A two-month-long expedition to one of the most remote sites on the planet — the sprawling Pine Island Glacier in Antarctica — has revealed that currents of warm water beneath the glacier are melting the ice at a staggering rate of about 2.4 inches (6 centimeters) per day.
An international team of researchers journeyed to the southernmost continent to study the Pine Island Glacier, which is the longest and fastest-changing glacier on the West Antarctic Ice Sheet. This region, in the far reaches of Antarctica, has been of particular interest to scientists because it is among the most rapidly melting ice masses in the world, thinning as it flows to the Amundsen Sea at a rate of about 2.5 miles (4 kilometers) each year.
Since warm seawater flows beneath the ice shelf (the part of the glacier that floats on the ocean), scientists have known that the Pine Island Glacier was melting from below. Now, using sensors deployed across the 31-mile-long (50-km-long) glacier, the researchers have gauged the rate of glacial melt beneath the solid ice. [ Album: Stunning Photos of Antarctic Ice ]
The results demonstrate the crucial need to better understand melting processes underneath massive glaciers, including how this undersea process will affect global sea-level rise in the future.
"Intensive melting under the Pine Island ice shelf, as observed in our study, could potentially lead to the speed up and ultimate break-up of the ice shelf," David Holland, a professor of mathematics at the Center for Atmosphere Ocean Science at New York University, said in a statement. "That's important, as this ice shelf is currently holding back inland ice, and without that restraining force, the Pine Island catchment basin could further contribute to global sea-level rise."
The Pine Island Glacier currently acts as a plug that holds back the immense West Antarctic Ice Sheet, whose melting ice contributes to rising sea levels. If the glacier's seaward flow speeds up, there could be global consequences.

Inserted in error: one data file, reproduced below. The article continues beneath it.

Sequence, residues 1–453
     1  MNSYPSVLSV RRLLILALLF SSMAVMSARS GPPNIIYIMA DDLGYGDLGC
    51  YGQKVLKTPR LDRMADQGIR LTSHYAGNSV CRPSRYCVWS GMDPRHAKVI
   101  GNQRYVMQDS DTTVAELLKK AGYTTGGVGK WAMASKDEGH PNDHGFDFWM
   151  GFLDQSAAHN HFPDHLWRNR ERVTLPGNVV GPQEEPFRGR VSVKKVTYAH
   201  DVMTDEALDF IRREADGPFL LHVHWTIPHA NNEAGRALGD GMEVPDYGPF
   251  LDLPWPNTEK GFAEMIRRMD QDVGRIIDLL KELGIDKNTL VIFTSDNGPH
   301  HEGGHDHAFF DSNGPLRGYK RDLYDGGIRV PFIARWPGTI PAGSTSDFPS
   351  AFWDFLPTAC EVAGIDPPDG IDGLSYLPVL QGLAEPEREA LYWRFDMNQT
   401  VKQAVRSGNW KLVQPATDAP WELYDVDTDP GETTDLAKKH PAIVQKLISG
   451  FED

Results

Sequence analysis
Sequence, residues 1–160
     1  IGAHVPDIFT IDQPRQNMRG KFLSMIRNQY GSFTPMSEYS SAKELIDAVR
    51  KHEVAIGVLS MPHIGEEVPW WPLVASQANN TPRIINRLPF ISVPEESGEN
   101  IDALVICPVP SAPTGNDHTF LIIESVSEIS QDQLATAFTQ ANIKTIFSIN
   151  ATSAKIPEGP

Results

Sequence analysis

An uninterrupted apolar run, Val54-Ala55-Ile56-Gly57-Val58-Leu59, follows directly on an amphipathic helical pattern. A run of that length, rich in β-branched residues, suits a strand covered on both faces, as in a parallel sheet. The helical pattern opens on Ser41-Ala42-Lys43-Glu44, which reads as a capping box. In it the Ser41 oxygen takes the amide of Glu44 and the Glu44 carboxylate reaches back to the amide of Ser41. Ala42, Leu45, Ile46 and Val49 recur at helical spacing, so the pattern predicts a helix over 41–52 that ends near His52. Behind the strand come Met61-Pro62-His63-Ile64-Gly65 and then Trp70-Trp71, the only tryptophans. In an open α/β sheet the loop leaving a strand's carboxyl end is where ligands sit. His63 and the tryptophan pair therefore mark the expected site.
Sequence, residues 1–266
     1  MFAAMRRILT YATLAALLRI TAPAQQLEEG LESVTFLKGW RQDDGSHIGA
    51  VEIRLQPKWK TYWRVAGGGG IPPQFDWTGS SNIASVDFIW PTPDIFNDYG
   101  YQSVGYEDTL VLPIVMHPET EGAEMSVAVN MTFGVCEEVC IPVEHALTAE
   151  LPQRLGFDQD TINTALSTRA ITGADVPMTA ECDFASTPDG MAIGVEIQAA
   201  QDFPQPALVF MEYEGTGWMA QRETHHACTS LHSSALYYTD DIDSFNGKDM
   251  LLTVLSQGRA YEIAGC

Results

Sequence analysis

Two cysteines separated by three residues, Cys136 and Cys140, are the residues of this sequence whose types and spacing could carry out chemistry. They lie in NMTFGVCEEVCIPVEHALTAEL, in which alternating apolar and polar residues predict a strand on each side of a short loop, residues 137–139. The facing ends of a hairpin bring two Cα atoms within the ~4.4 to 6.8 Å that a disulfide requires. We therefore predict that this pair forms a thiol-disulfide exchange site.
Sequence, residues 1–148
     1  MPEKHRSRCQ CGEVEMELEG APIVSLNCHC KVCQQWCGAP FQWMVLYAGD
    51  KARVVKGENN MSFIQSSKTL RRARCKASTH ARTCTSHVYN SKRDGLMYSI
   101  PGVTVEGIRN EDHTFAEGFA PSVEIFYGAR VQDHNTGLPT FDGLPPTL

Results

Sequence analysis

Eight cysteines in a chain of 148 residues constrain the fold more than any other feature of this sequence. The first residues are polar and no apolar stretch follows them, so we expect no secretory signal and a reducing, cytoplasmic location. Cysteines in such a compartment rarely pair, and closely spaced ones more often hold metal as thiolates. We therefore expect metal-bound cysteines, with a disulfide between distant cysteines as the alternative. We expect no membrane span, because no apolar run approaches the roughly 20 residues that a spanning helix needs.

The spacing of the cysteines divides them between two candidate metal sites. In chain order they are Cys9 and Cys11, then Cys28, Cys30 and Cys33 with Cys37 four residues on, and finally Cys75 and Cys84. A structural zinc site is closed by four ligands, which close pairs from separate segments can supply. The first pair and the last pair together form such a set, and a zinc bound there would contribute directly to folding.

As glaciers melt, the water flows down slopes and empties into the ocean, causing sea levels to rise. Warming oceans also cause sea levels to go up, because water expands as its temperature increases. Still, understanding precisely why these changes are occurring, and how much sea levels are projected to rise in the future, is tricky, researchers have said.
Last November, a study published in the journal Science estimated that ice lost from the entire Antarctic ice sheet and Greenland ice sheet is responsible for a fifth of the 2.2 inches (5.59 cm) of sea-level rise observed since 1992.
As the Pine Island Glacier makes its seaward retreat, it also develops and drops icebergs as part of a natural cycle. In early July, a huge iceberg, measuring about 278 square miles (720 square kilometers), broke off from the Pine Island Glacier and floated freely into the Amundsen Sea.
To see how much the Pine Island Glacier was melting, Holland and his colleagues installed sensors inside holes drilled 1,640 feet (500 m) through the solid ice, at various points across the glacier. The instruments measured ocean temperatures, salinity (or salt content), and the movement of warm-water currents that carve channels through the ice shelf and flow underneath it.
The data, published online today (Sept. 12) in the journal Science, will help scientists piece together how the Pine Island Glacier is changing, and will help them build more accurate models of glacier melt.
"What we have brought to the table are detailed measurements of the melt rates that will allow simple physical models of the melting processes to be plugged into computer models of the coupled ocean/glacier system," Tim Stanton, a research professor at the Naval Postgraduate School, said in a statement. "These improved models are critical to our ability to predict future changes in the ice shelf, and glacier-melt rates of the potentially unstable Western Antarctic Ice Sheet in response to changing ocean forces."
- Photos of Melt: Glaciers Before and After
- Antarctica: 100 Years of Exploration (Infographic)
- Photo Gallery: Antarctica's Pine Island Glacier Cracks
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